Step by step, the orthography was liberated from the relics of the Brethren orthography. According to the etymology, "si, zi" or "sy, zy" became to be written, "cy" was replaced by "ci". Antiqua was introduced instead of fractura in printing, and it lead to the removal of the digraph "ʃʃ" and its replacement by the letter "š". The long "í" replaced "j", and "j" replaced "g" ("gegj > její", her). In 1840’s, the double "w" was replaced by "v" and "ou" replaced the traditional "au". Thus, the orthography became close to its contemporary appearance. According to the German model, the punctuation leaves the pause principle and respects the syntax.

The artistic literature often resorted to archaisms and did not respect the natural development of the spoken language. This was due to attempts to reach the prestige literal styles.

Modern Czech

Literary Czech has not been an exclusive matter of the intellectual classes since the 1840’s. Journalism was developing and artistic works got closer to the spoken language, especially in syntax. In 1902, Jan Gebauer published the first Rules of Czech Orthography, which also contained an overview of the morphology. These rules still preferred older forms in doublets.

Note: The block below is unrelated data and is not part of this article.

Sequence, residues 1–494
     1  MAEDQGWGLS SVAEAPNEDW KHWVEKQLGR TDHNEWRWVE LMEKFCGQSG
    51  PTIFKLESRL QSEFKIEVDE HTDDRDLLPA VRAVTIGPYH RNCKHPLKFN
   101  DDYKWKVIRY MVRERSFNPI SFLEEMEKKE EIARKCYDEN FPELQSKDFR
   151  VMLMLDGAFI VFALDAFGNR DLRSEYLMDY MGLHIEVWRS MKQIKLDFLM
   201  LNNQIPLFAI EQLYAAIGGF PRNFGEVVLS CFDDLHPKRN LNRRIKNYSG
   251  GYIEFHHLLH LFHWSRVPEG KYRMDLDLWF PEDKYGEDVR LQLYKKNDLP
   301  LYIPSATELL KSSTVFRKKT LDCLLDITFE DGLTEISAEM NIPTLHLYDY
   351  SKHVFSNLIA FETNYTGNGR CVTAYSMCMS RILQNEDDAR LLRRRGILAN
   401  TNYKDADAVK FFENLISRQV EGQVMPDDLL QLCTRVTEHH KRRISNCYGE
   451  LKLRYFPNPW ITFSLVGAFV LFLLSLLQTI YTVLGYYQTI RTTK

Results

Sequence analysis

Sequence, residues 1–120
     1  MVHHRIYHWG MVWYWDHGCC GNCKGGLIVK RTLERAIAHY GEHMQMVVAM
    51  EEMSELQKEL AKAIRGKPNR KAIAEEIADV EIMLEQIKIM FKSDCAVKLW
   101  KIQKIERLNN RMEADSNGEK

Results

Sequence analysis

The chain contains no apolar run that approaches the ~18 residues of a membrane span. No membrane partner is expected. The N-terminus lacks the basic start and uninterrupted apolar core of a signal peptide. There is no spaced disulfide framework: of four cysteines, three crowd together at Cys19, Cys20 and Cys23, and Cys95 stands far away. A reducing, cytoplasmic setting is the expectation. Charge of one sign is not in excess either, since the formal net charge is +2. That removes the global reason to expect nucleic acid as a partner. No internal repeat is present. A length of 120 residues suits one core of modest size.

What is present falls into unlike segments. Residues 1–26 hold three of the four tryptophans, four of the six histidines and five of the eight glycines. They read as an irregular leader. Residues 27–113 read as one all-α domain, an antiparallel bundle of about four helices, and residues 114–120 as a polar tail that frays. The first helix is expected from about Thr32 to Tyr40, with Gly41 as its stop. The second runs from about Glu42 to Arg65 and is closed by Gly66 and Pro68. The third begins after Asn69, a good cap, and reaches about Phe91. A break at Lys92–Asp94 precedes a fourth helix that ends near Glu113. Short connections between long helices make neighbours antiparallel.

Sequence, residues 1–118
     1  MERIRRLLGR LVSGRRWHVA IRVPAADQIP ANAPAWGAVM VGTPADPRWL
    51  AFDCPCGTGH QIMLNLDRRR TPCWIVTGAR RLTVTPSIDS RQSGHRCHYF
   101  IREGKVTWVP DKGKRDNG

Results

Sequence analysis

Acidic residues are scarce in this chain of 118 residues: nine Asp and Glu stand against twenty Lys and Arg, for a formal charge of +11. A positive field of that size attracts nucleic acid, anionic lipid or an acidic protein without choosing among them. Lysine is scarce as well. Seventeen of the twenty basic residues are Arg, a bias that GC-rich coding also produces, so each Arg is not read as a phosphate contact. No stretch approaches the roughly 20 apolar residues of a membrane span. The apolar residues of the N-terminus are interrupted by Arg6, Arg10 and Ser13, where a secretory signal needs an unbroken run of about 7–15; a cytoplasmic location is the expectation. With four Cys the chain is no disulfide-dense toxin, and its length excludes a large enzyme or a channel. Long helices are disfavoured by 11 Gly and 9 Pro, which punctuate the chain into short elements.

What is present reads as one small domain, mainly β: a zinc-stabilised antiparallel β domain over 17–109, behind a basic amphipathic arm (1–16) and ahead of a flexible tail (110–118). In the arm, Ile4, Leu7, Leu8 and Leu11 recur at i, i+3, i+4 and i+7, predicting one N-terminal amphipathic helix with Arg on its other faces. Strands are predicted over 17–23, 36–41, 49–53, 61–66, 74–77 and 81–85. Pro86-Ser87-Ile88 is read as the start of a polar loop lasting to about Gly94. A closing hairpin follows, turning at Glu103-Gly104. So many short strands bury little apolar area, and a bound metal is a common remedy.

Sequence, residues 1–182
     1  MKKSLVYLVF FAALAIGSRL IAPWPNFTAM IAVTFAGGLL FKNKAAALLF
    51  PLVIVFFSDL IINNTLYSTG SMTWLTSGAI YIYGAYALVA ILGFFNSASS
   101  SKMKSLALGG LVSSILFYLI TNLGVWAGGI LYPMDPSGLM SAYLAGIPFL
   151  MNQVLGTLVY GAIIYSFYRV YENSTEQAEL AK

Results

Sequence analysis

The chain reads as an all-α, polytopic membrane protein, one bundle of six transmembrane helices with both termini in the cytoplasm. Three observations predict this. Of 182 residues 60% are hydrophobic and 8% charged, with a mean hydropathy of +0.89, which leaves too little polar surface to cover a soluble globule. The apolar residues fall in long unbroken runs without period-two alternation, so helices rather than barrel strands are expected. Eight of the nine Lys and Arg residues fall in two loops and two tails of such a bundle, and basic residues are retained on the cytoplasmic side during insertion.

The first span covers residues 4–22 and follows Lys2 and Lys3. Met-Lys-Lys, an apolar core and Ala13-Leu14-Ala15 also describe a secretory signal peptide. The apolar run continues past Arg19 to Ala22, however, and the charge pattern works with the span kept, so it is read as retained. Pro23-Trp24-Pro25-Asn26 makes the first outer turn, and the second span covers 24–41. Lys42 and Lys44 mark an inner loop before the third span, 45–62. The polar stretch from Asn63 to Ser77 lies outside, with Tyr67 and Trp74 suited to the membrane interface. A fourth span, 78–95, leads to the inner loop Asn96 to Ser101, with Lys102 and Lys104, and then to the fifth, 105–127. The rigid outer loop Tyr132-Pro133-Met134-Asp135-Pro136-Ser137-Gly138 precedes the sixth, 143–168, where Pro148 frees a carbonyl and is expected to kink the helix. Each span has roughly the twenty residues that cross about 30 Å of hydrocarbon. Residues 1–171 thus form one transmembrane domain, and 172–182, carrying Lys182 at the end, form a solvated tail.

During the 20th century, elements of the spoken language (of Common Czech especially) penetrated literary Czech. The orthography of foreign words were germanized with respect to their German pronunciation, especially writing "z" instead of "s" and marking the vowel length (e.g. "gymnasium > gymnázium", grammar school). Social changes after World War II (1945) led to gradual diminishing of differences between dialects. Since the second half of the 20th century, Common Czech elements have also been spreading to regions previously unaffected, as a consequence of the media's influence.

See also

* Czech alphabet
* Czech declension
* Czech orthography
* Czech phonetic transcription
* Czech phonology
* Czech verb
* Czech word order


* Karlík P., Nekula M., Pleskalová J. (ed.). Encyklopedický slovník češtiny. Nakl. Lidové noviny. Praha 2002. ISBN 80-7106-484-X.
* Rejzek J. Český etymologický slovník. Leda, Voznice 2001. ISBN 80-85927-85-3.
* Lamprecht A., Šlosar D., Bauer J. Historická mluvnice češtiny. SPN Praha 1986, 423 s.